Photograph by Ed Kashi VII
It’s an understatement to say December was a big month for writer Suki Kim. Just after appearing on The Daily Show with Jon Stewart—a coup for any author—her new book, Without You There is No Us: My Time with the Sons of North Korea’s Elite (Crown, 2014), hit The New York Times bestseller list for e-book nonfiction, and print copies were scarce. “Sorry readers,” Kim posted on Twitter minutes before our interview. “Hardback temporarily sold out @Amazon, being restocked; Available @ B&N.”
The book is a memoir of Kim’s six months undercover in North Korea, while teaching English at Pyongyang University of Science and Technology, a private university funded and operated by Western missionaries to educate 270 sons from the country’s elite families.
After taking several highly supervised visits to North Korea over the past decade as a journalist Kim says, “I knew I had to live there to tell this story. All Americans were hearing about North Korea were crass Kim Jong-il jokes or about the famine there,” she says. “But there are 25 million people being held hostage in the nation, not allowed to move to the next town, not allowed to think freely.”
With a recommendation from a friend of the university’s president, Kim’s application was approved quickly, although she did not hide the fact she was a writer. Kim says through embedding in the school in 2011, she could tell the stories of individual North Koreans, to make them more real to Westerners, “similar to the way people read the stories of the 9/11 terror victims and felt they could have been your friend or my friend.”
In the book, Kim details the daily lives of the young men—“the crème de la crème, the future leaders of North Korea.” Kim chronicles how students were heavily guarded, “never had a single minute alone,” and were not allowed to leave the campus, where speakers constantly blasted music praising the Great Leader—Kim Jong-il at the time. “The system is all about paranoia and distrust,” she says. “They weren’t allowed to call their parents, but they would lie [to me] and say they did, to protect the system.” Kim tells how these students “at the MIT of North Korea” didn’t even know the Internet existed, and teachers were forbidden from speaking of it. She says the students were sheltered for their age. “These lovely 19-year-olds, they felt like my children,” she says. “But it was heartbreaking, unbearable to see these children in this Stalin-like system.” She blurred their identities in the book, “so no one could be singled out. But mostly they come across as incredibly loyal to their Great Leader.”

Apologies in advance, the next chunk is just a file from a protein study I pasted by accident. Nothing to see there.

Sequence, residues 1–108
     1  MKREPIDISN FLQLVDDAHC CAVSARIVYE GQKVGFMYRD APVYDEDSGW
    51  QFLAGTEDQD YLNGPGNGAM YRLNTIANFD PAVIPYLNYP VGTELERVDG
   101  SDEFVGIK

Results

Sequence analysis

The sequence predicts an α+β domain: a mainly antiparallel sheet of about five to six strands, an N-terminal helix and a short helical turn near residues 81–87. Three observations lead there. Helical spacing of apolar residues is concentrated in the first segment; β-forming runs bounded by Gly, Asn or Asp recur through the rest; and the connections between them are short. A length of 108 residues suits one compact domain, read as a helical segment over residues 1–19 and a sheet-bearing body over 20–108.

Kim says she has been obsessed with North Korea since she was a child growing up in 1970s South Korea, where her grandmother and aunt longed for the children from whom they had been cruelly separated when the country was divided by the Allies after World War II. Kim herself was traumatically separated from her motherland at age 13, when the South Korean economy stumbled and her wealthy family “lost everything overnight.” Her parents, along with Kim and her two siblings, moved to Queens. The teen, who had grown up with maids and governesses, was suddenly poor and labeled Asian. “Race was abstract to me, being a person of color was something I’d never thought about. My identity of who I was disappeared overnight,” she says. “I spent my teenage years mute, because I didn’t speak English.”
“The theme of separation is something I am haunted by,” she says. “I don’t know where home is. In a way, I’m trying to find that in my books.” Kim’s first book, The Interpreter, is a novel centered on New York City’s Korean community.
Just as Kim’s current book hit the bestseller list, the news broke that Sony Pictures Entertainment was limiting its scheduled Christmas Day theatre release of the Seth Rogan film The Interview, due to terror threats. In the political satire, the CIA recruits two journalists to assassinate North Korean dictator Kim Jong-un.
Based on her unique access to North Korea, Kim was bombarded with interview requests from a host of major media outlets, including CNN, MSNBC, and National Public Radio. Kim says the comedy, which was eventually released online and in a small number of theatres, is no joking matter. “It’s cringeworthy,” she says. “If Sony can’t make a comedy about 9/11 or Ferguson, why make a movie about a country where 25 million human beings are hostage.”
As for her own experience, Kim told Jon Stewart, “I wanted so much to tell [my students] about the world, but if I did, it could be dangerous for them.”
“And for you,” said Stewart.
“If I would have got caught I would have been called a spy,” Kim said. “Which I guess I was.”